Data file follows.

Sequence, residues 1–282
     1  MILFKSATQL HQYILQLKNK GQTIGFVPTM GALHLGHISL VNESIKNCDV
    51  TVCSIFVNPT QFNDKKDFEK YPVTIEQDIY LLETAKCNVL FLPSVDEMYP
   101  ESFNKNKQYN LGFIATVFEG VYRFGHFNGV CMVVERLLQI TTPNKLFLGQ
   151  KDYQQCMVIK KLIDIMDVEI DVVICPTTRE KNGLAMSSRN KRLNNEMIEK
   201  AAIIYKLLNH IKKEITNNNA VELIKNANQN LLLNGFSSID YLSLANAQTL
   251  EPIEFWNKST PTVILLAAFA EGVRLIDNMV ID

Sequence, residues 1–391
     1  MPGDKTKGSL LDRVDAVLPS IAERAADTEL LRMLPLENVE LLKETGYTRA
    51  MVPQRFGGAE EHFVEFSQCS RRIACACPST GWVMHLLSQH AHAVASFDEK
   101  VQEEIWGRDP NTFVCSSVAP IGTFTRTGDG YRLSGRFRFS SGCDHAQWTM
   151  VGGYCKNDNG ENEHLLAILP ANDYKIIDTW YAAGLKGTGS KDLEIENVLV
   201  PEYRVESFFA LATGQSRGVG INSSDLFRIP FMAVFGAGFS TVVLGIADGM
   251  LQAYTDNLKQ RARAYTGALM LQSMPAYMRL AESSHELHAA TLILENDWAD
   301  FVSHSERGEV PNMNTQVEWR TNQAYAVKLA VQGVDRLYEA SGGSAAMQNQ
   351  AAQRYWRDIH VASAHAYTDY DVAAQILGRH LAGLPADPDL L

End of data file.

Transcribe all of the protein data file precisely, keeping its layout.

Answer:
Sequence, residues 1–282
     1  MILFKSATQL HQYILQLKNK GQTIGFVPTM GALHLGHISL VNESIKNCDV
    51  TVCSIFVNPT QFNDKKDFEK YPVTIEQDIY LLETAKCNVL FLPSVDEMYP
   101  ESFNKNKQYN LGFIATVFEG VYRFGHFNGV CMVVERLLQI TTPNKLFLGQ
   151  KDYQQCMVIK KLIDIMDVEI DVVICPTTRE KNGLAMSSRN KRLNNEMIEK
   201  AAIIYKLLNH IKKEITNNNA VELIKNANQN LLLNGFSSID YLSLANAQTL
   251  EPIEFWNKST PTVILLAAFA EGVRLIDNMV ID

Sequence, residues 1–391
     1  MPGDKTKGSL LDRVDAVLPS IAERAADTEL LRMLPLENVE LLKETGYTRA
    51  MVPQRFGGAE EHFVEFSQCS RRIACACPST GWVMHLLSQH AHAVASFDEK
   101  VQEEIWGRDP NTFVCSSVAP IGTFTRTGDG YRLSGRFRFS SGCDHAQWTM
   151  VGGYCKNDNG ENEHLLAILP ANDYKIIDTW YAAGLKGTGS KDLEIENVLV
   201  PEYRVESFFA LATGQSRGVG INSSDLFRIP FMAVFGAGFS TVVLGIADGM
   251  LQAYTDNLKQ RARAYTGALM LQSMPAYMRL AESSHELHAA TLILENDWAD
   301  FVSHSERGEV PNMNTQVEWR TNQAYAVKLA VQGVDRLYEA SGGSAAMQNQ
   351  AAQRYWRDIH VASAHAYTDY DVAAQILGRH LAGLPADPDL L